The Global Exchange Blog from Deshpande Foundation has moved homes! With the relaunch of our new and improved website all of our blogs can be found here, new and old! Our first new post from the Global Exchange Program has already been posted there: Chiara talks about living in the Sandbox! We’ll see you at our new blog home!
During my most recent visit to Samarthanam Trust for the Disabled, I inquired about a young man I interviewed for last year’s “Development Dialogue” video. I asked about him because he left a lasting impression on me. Last year, he told me about his daily routine. During his mornings, he would go work at a restaurant where he cleaned the bathrooms. After that, he would come to Samarthanam for English and computer classes. He came to this institution because he wanted a better job and a better future. While interacting with this young man who was blind in one eye, it wasn’t just his story that touched me. When I talked to him, I felt he was being sincere. I never felt like he was telling me these things to get attention; rather, it was to tell me who he was as an individual. When I went back to Samarthanam this time around, I was hoping to hear how this young man has progressed. Unfortunately, what I heard left me feeling uneasy for the next few days.
Living in Hubli, where cows wander past my bedroom window, neighborhood children fly kites made of plastic wrappings in the field by the house and trips to schools are met with whispers and questions about where I’m from makes my time teaching in the States seem like a past life. Until the mail arrives.
The mail, traveling from Harrison, New York, to Somerville, Massachusetts to New York City, finally arrives at my house in Hubli when I receive a copy of the Summer 2010 newsletter from the last school where I taught. The principal’s letter talks about alternative routes to certification and the importance of thorough and accurate preparation for teachers in fundamental skills like teaching decoding and reading comprehension. And most interestingly for me, all the reasons why existing programs are not suitable and the actions the state is taking to allow alternative routes to certification.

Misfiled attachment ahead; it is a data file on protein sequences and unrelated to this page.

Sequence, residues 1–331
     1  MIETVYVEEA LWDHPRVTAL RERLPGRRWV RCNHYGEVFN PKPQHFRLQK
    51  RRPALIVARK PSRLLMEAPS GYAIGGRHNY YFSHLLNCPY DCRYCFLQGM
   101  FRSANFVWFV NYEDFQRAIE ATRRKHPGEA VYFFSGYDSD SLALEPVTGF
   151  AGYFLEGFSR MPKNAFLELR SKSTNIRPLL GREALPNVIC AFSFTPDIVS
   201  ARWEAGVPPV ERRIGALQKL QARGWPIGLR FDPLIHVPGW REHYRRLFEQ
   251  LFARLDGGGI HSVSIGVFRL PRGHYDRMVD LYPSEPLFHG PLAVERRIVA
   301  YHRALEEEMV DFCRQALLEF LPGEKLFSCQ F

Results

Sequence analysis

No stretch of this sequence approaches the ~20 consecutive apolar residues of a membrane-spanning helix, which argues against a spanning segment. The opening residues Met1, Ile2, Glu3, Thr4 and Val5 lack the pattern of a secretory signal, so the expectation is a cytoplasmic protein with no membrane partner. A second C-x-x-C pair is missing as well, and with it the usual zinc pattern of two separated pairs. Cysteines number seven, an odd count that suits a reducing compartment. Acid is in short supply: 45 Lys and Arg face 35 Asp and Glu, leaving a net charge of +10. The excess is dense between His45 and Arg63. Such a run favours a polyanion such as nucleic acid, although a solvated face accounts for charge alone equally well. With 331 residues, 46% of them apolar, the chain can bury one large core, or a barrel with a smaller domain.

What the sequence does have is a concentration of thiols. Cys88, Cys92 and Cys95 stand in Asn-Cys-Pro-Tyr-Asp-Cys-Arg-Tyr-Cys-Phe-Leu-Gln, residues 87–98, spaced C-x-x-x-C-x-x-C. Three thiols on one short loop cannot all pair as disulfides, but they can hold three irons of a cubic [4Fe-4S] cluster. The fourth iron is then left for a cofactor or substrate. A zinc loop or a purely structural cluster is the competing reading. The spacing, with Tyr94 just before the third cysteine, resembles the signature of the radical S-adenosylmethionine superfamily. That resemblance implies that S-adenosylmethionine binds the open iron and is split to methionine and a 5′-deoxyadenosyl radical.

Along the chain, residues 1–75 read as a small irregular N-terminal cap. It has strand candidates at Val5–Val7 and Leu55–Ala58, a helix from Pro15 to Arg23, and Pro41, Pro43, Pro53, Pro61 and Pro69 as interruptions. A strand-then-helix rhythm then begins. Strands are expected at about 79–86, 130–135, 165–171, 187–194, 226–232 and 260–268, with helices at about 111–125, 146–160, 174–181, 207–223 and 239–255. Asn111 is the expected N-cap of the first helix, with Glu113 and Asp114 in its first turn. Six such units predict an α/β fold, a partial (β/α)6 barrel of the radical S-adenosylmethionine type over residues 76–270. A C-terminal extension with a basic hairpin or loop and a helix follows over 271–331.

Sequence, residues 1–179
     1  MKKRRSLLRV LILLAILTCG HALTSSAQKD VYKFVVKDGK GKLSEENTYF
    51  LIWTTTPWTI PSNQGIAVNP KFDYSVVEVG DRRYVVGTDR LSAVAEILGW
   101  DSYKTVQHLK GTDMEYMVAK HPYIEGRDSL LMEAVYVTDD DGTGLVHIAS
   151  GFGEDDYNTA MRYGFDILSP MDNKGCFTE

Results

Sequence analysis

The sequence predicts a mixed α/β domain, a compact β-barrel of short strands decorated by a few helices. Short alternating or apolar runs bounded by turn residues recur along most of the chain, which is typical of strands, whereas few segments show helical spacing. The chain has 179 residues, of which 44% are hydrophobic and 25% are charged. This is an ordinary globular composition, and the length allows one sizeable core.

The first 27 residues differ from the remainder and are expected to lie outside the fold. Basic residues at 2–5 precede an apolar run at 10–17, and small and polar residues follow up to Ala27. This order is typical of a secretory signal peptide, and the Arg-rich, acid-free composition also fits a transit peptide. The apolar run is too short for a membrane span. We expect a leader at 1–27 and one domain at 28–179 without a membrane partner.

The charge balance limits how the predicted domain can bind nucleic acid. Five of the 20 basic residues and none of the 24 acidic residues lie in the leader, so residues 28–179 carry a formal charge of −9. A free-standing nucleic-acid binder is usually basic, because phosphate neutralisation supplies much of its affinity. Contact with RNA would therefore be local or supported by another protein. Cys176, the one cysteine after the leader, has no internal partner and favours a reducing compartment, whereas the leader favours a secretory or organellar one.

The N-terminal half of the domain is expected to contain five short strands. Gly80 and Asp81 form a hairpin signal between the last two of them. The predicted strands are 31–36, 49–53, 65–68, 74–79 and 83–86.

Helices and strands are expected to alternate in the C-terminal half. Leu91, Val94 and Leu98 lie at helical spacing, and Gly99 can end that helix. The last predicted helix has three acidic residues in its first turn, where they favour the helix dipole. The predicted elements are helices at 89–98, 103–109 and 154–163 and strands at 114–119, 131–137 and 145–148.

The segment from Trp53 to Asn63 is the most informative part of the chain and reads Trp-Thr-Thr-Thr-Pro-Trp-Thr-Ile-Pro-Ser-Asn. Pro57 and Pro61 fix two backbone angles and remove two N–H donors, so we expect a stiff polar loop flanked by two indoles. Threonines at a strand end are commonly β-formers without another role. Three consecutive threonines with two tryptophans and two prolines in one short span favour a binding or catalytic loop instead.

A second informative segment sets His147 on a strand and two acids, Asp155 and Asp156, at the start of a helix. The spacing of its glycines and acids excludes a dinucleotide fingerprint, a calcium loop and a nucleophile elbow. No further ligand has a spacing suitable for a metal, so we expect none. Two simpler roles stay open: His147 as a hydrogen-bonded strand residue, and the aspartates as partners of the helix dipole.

I’ve had some pretty tough jobs in the past, including counseling children with severe emotional and behavioral challenges at Ryther Child Center and advocating for victims of domestic violence in the court system at Family Violence Prevention Center, and while these jobs certainly pushed me, there’s no doubt that my work at DCSE has pushed me to reach a level of professional development that is unparalleled to my previous work.
At times, I feel like EA is a baby that requires constant care and attention. If I’m not pitching to new partners, designing courses, or teaching students, I’m training faculty, designing new marketing materials, or coordinating guest speakers. While I’m very passionate about my work, it is also incredibly draining and there are days in which I really struggle. Throughout the ups and downs, I’ve found that what really keeps me going is the community that I’ve developed here.
One afternoon last week a RAPID Member entered our office positively glowing. She took out a box of Pedas, a sweet famous in Dharwad, and offered them to everyone in the office, which is a popular way of celebrating a special occasion. She just completed her first month of work in a factory, a placement RAPID helped her to find. She had received her first paycheck and brought some sweets to the RAPID office to celebrate this milestone.
One of my more recent responsibilities at the Deshpande Fellowship Program has been to conduct a weekly class on critical thinking for the current cohort of fellows. I feel that the ability to think critically is something that a person educated in the States is likely to take for granted. I am conscious of this because I find I possess decent critical thinking skills without having formally studied critical thinking. It was therefore a bit of a struggle for me to design a course that would focus solely on developing the fellows’ critical thinking abilities.
After a discussion with Julia Bach, a current Sandbox Fellow who works at the Teacher Foundation, I decided to create a class based around reading The Onion. Fellows in each class were placed in groups of three and assigned one of seven articles whose premise was severely skewed by false facts feeding a satirical idea. For example, one article informed its readers about a recent decision by the US Department of Homeland Security to release five terrorists who were perceived to be the most dangerous in the country for the purpose of providing an opportunity to the US military to test its national security. The military would be responsible for preventing any attacks after the terrorists would be released and given ten thousand dollars along with a forty-eight hour grace period during which they would not be tracked by anyone. Continue reading